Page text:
The Effects of Consumption and Work Satisfaction on the Life of Professionals: The Case of University Professors
Hampton, Gerald M., Peterson, Robin T., Wolf, Marco, International Journal of Marketing Studies
This paper examines the association among consumer well-being, job satisfaction, and life satisfaction for college professors. The joint relationship among this particular assortment of variables has not been reported upon in the literature to date, and is subjected to examination here. Various theoretical and practical constructs are set forth, and several hypotheses are advanced. The hypotheses are tested through an assessment of data emanating from a survey of college professors at a South Western university. Various implications of the findings are outlined.
Keywords: life satisfaction, consumer well-being, job satisfaction, professionals, college professors
Marketers' raison d'être is the beliefpeople are born to be consumers. This tenet is fundamental to the marketing discipline. Marketing managers develop and implement activities to enhance the process of consumption. This practice begins with the acceptance of the marketing concept and a business philosophy, focusing most of the organizations' activities on the consumer. Some of the literature contends setting marketing activities in motion without the adoption of the marketing concept does not represent marketing (Joseph 1996; Trustrum, 1989). When the marketing concept is implemented with the aim of creating satisfied customers, an organization is said to have a market orientation (Kohli&Jaworski, 1990; Narver& Slater, 1990; Ruckert, 1992).
Because of an organization's effort and focus, marketing scholars propose marketing practices positively influence life satisfaction (Handy, 1978; Samli, Sirgy&Medow, 1987; Sirgy, 1999). Marketing functions are formulated to assist consumption and with the process to create and maintain satisfied customers - often referred to in the aggregate as consumerwell-being. Economic theory also views consumption as essential for consumer well-being (Slesnick, 2000). Marketers assert that life satisfaction is derived in large measure from the goods and services consumedas reflected in their level of consumer well-being.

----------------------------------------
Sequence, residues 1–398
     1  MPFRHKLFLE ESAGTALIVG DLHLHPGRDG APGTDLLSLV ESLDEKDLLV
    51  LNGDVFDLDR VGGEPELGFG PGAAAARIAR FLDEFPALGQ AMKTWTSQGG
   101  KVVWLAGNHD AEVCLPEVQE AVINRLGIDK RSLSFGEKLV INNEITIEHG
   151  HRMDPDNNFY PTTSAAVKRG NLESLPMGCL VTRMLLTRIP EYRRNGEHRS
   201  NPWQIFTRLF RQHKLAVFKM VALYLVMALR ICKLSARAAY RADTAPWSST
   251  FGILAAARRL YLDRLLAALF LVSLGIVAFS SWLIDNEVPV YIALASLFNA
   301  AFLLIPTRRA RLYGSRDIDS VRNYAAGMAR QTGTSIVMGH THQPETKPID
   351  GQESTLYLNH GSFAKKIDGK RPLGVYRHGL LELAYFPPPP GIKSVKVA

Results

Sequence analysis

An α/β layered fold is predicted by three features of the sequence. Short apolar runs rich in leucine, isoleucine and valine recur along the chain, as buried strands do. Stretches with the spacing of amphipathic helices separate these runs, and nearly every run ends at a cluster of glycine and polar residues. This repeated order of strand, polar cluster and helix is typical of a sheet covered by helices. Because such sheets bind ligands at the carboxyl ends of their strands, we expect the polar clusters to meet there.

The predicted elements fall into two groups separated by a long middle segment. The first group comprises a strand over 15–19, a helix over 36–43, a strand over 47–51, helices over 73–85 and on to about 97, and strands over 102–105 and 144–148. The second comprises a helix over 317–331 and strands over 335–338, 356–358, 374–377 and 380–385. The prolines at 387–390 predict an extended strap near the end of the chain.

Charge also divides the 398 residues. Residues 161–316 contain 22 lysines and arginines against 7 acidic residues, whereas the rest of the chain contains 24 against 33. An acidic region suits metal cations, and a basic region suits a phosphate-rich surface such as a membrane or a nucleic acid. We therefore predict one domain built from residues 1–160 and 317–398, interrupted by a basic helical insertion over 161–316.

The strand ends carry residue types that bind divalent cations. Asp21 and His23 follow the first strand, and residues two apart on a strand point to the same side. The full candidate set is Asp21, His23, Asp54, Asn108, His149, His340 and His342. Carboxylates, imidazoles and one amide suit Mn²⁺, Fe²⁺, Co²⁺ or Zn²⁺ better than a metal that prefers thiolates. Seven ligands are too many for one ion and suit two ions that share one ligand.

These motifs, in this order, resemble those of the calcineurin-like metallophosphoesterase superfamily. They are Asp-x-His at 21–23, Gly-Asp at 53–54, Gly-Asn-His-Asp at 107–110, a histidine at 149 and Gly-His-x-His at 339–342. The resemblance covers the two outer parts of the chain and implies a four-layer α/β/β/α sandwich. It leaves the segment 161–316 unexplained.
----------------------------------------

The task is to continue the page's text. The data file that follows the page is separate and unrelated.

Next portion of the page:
On the other hand, those in the management discipline assertindividualslive to work, which absorbsa large portion of most people's time. For some work is the most important element in their life. In this regard, how people view their job or work affects how they feel about themselves and their self-worth. This being the case, job satisfaction is considered an important part of life satisfaction. Numerous research studies have established the relationship between job and life satisfaction as significant and positive (Ahn, Garcia, &Jimeno, 2004; Chacko, 1983; Near, Rice & Hunt 1980; Orpen, 1978). Some treat job and life satisfaction as the same construct where job satisfaction serves as the fundamental dimension of overall life satisfaction (Rode, 2004). The Centre for European Labour Market Research of six EU countries reports job satisfaction is the most significant factor for life satisfaction (EPICURUS, 2006). Therefore, an assumption could emerge the management discipline viewslife satisfaction as an outcomederived in large part from job satisfaction.
While there are numerous studies on consumer well-being and job satisfaction and theirinterconnections to life satisfaction, there are no studies that combine these two notions and their association with life satisfaction. To fill this void, this paper sets forth the results of an overview of the links between consumer well-being (CWB), job satisfaction (JS), and life satisfaction (LS) for university professors. A number of studies in the past explored the association between various pairs of these variables. The present inquiry extends this process into a study of the correlations between three constructs~CWB, JS, and LS. The discussion furnishes a review of pertinent literature relating to these variables. Further, hypotheses are proposed, in response to apparent voids in the literature. …